The outlook for 2016

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The outlook for 2016

The economy is not the same thing as the stock market and its profits. However, a strong share market with increasing profits is dependent on a growing economy. The former of course tends to discount the latter. That is pretty much where we are now. The share market discounting economic growth has been driven to high levels of equity valuation. That of course requires rising net profits. So, can we be bullish about the Global economy in 2016 as the necessary condition for profits growth next year? I believe that we can.

The six bullish factors:

Starting with our economy, the UK is forecast to keep growing in 2016. The factors that indicate that are as follows:

First, there was GDP growth in Q3 of 0.5%, which is tidily compatible with annual GDP growth in excess of 2% for the year about to end. In other words, the UK enters the New Year in growth mode.

Second, industrial investment seems to be picking up, and that is good not only for demand at a time when the government is cutting its own expenditure but also promising for the future productivity of labour when employment numbers are strong. In combination, both of those things should help wages to rise without being a threat to company profits.

Third, price inflation is close to zero, which suggests that interest rates are most unlikely to race up next year. That is helpful because this phase of economic growth is inevitably predicated on more consumer bank and credit card borrowing. That is the way the budget was planned. Moreover, low inflation is helpful to raise living standards, which requires the rate of increase in wages and salaries to be greater in percentage terms than the accompanying rise in inflation, which of course reduces the purchasing power of wage rises.

Fourth, we seem to have entered a period of a stronger dollar as rising rates in the US attract hot money back to dollar denominated assts. A rise in US rates does not have to be particularly high when in many places there lower, even negative, deposit rates, as in Switzerland.

Five, the US economy is in its sixth year of economic recovery and looks as though it will continue growing at about 2% in 2016. While this is low by historical comparisons, it is nevertheless good enough for now when interest rates have risen already. That gives more profitable trading leeway to UK exporters of goods and services (such as they are) as well as dollar denominated earners in the UK.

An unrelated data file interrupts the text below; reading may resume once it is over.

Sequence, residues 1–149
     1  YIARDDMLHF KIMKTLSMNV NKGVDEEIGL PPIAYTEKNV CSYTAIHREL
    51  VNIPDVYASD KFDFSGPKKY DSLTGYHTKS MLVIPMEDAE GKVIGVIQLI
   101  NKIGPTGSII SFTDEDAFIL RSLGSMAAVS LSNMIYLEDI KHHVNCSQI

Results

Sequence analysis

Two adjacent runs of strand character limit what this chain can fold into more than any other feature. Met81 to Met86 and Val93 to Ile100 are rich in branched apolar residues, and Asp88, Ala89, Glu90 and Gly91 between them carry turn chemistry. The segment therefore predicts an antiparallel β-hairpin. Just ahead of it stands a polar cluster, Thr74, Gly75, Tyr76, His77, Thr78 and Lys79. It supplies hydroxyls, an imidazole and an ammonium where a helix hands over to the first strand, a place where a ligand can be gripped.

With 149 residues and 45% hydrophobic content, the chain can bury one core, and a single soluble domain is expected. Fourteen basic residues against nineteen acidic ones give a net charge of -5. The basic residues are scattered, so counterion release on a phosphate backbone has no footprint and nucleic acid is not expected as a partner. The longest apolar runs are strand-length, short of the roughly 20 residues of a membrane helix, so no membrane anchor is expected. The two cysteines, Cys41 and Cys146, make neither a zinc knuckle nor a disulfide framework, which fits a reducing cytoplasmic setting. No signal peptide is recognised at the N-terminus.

Six, it seems to be the consensus view that the Chinese government has the means to stimulate China’s economy in the event of its failing to deliver the goods, in terms of employment and economic growth, whilst it continues to swing from exporting and infrastructure spending to the stimulation of domestic consumer demand for goods and services. This is a transformation that will be good for European exporters over the long term, and is something that should help the UK directly and indirectly, if and when it prompts demand in the becalmed Euro area.

The impact of “Brexit

The great uncertainty for UK markets next year will be, of course, the expected referendum on the UK’s continuing membership of the European Union. The economic short- and medium-term financial implications of a “Brexit” vote are frankly unfathomable, even if democratically sound in principle and the long run. The UK citizen will be given the choice between a more directly democratic system of government and the threat of some immeasurable economic decline. Europe, constitutionally and undeniably, is the mess that is known as the “democratic deficit”. Devalera once said about Ireland that he would rather see it poor and independent. There is a touch of that choice and dilemma in relation to the UK’s membership of the EEC. It is a hard choice.

On a subjective note, I think that the “No” campaign is in part driven by a romantic notion  that the UK can get back to being what it was in the 18th and 19th centuries. That might be an agreeable vision but I think it more a dream than a reality. An EU-free UK will become a supplicant nation in a world of big economies and economic blocs (like the EU and the North American Trade Area)  dominated by big global corporations, which will tell the UK government, in no uncertain terms, what is expected of it. UK representative government would in such circumstances become weaker, not stronger, as the UK’s negotiating hand is weakened by its reduced economic scale and the political punch that comes from it.

It will not carry the clout of belonging to the world’s largest trading bloc and market of a gigantic five hundred million people. Rather, the UK will have to ride the punches that come from being outside the decision-making membership of that bloc. Everybody knows that the best deals and best prices go to the biggest players, not the smallest.

On the basis of the evidence, the UK will be informed by Brussels that if it wishes to trade with Europe, it will need to pay the menu prices set by the management, without being able to influence them as once it could. The idea that the UK is big enough to dictate terms to a powerhouse trading bloc like the EU, which in terms of population is seven times the size of the UK, is wishful thinking. If we cannot persuade the EU to give us a deal to stay in the EU, why should we assume that they will treat us well once we are on the outside?

Regardless of the merits and counter merits of leaving the EEC, the uncertainty surrounding the anticipated “Brexit” referendum is likely to chill the first half of next year’s market perceptions in the UK.

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